- Cost of insuring nation's debt dropped by half after debt deal
- Holders of contracts expiring Sept. 20 risk not getting paid
As holders of Ukraine’s international debt celebrate a better-than-expected restructuring deal, there are few corks popping among buyers of the country’s credit default swaps.
While Ukraine’s $2.6 billion of 2017 notes surged by more than 15 cents on the dollar on Aug. 27 when Finance Minister Natalie Jaresko announced a deal with creditors, the cost of insuring the nation’s debt against non-payment with CDS dropped by almost half. That means getting back less than you paid for most holders of CDS. For those who bought contracts expiring on Sept. 20, it’s even worse: they risk losing everything unless a so-called credit event is announced in the coming 10 days.
Creditors agreed to a 20 percent writedown to face value and higher interest payments, significantly better than the 40 percent haircut and reduced coupons that Ukraine was said to be demanding. For a credit event to be declared by the International Swaps and Derivatives Association, the agreement may need to be passed by the nation’s parliament and either a payment freeze to be implemented or the deal to be approved by bondholders.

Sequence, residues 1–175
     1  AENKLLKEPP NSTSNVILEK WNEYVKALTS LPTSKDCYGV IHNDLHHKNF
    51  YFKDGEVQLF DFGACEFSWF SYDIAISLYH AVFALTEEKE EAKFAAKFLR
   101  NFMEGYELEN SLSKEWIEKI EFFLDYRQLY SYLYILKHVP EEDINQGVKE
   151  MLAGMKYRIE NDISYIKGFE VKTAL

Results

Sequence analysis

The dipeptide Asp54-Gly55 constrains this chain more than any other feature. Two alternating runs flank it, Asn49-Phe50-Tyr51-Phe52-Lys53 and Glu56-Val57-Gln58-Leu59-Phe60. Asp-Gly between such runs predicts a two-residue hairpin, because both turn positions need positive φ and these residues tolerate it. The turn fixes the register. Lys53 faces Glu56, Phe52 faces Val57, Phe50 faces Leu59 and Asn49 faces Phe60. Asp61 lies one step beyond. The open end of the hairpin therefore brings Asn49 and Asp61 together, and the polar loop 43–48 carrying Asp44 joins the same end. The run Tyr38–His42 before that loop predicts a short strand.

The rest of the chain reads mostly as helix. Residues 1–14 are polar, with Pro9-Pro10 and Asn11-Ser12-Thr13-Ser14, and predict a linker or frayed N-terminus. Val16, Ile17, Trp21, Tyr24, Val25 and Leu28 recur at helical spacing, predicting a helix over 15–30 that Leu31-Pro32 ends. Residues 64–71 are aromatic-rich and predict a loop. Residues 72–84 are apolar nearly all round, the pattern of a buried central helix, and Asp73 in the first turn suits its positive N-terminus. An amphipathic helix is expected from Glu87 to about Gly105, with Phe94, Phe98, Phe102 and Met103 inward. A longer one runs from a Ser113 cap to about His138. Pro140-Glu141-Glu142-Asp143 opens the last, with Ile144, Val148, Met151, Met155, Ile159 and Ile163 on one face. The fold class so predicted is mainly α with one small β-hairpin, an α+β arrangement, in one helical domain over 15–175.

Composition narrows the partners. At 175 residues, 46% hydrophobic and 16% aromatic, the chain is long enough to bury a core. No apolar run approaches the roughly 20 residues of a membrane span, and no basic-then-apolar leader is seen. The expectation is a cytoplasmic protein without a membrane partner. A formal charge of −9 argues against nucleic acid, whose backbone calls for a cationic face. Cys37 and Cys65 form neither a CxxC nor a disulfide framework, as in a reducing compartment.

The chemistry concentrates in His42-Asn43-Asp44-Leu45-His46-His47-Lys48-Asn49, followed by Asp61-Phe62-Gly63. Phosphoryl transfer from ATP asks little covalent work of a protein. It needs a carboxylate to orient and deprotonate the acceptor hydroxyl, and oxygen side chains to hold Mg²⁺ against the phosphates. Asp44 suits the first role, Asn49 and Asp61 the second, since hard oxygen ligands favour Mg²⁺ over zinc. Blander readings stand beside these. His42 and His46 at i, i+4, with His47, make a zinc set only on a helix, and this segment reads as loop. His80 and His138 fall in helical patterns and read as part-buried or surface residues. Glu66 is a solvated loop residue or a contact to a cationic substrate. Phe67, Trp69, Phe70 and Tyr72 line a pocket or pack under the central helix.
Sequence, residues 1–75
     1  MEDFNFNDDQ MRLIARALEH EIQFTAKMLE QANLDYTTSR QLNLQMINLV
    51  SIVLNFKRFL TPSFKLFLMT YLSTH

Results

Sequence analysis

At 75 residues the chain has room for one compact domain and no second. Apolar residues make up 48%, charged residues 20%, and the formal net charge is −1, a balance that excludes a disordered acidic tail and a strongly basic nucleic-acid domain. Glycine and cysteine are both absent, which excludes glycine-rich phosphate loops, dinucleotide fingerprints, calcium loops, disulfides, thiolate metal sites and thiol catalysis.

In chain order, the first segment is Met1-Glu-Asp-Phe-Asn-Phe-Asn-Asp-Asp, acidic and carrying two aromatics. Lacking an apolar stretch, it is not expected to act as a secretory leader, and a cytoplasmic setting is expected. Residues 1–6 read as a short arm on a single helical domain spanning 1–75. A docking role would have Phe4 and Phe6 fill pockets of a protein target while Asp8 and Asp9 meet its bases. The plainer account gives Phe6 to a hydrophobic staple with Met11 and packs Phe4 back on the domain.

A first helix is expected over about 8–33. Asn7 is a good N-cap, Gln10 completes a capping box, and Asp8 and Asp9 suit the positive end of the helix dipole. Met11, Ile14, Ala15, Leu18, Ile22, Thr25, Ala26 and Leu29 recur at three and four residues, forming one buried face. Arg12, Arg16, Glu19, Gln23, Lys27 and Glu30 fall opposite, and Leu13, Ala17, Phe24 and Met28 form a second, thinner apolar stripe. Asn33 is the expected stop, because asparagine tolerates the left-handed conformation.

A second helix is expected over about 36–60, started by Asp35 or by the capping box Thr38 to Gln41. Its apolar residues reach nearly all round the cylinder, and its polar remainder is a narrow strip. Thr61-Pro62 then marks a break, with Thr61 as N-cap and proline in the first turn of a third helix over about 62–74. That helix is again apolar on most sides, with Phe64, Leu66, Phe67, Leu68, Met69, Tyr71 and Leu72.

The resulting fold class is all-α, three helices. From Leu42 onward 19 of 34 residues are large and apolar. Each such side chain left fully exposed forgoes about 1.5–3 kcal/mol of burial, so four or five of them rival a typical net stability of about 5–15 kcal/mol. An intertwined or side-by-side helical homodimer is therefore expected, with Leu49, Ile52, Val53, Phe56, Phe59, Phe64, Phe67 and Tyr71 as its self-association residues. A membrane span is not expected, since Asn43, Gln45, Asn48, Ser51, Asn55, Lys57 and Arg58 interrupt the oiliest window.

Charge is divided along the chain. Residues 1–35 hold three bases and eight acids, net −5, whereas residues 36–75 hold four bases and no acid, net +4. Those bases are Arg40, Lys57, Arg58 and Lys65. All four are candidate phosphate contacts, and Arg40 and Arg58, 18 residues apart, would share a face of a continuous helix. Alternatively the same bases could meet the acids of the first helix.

“Holders of CDS are not happy because the deal is much better than they thought it would be,” said Vadim Khramov, an analyst at Bank of America Merrill Lynch in London. “We don’t think the September CDS will be triggered, but there might be some legal questions as the restructuring was
announced already. It’s a gray area.”
Ukraine’s next sovereign bond maturity falls on Sept. 23, three days after the current CDS contract expires. The country’s Finance Ministry has said it will suspend that $500 million bond payment along with a 600 million euro ($670 million) payment due on Oct. 13 to allow time for creditors to vote on the restructuring proposal.
The nation’s bonds climbed on Thursday, with a $2.6 billion note due in July 2017 jumping 1.5 cents to 76.48 cents on the dollar at 3:23 p.m. in Kiev, the highest level since December.
The net notional value of default swaps outstanding on Ukraine is about $424 million, according to the Depositary Trust & Clearing Co., which maintains a warehouse of trading data. This means that about $93 million will change hands when a payout on the CDS contracts is made, according to Michael Hampden-Turner, a CDS analyst at HSBC Holdings Plc in London.
“For CDS holders, the imminent payout will be much less than
expected,” Hampden-Turner said by phone on Friday. “For those who bought protection that means a sudden mark-to-market loss.”
(A previous version of this story was updated to correct the analyst’s job title in the seventh paragraph.)
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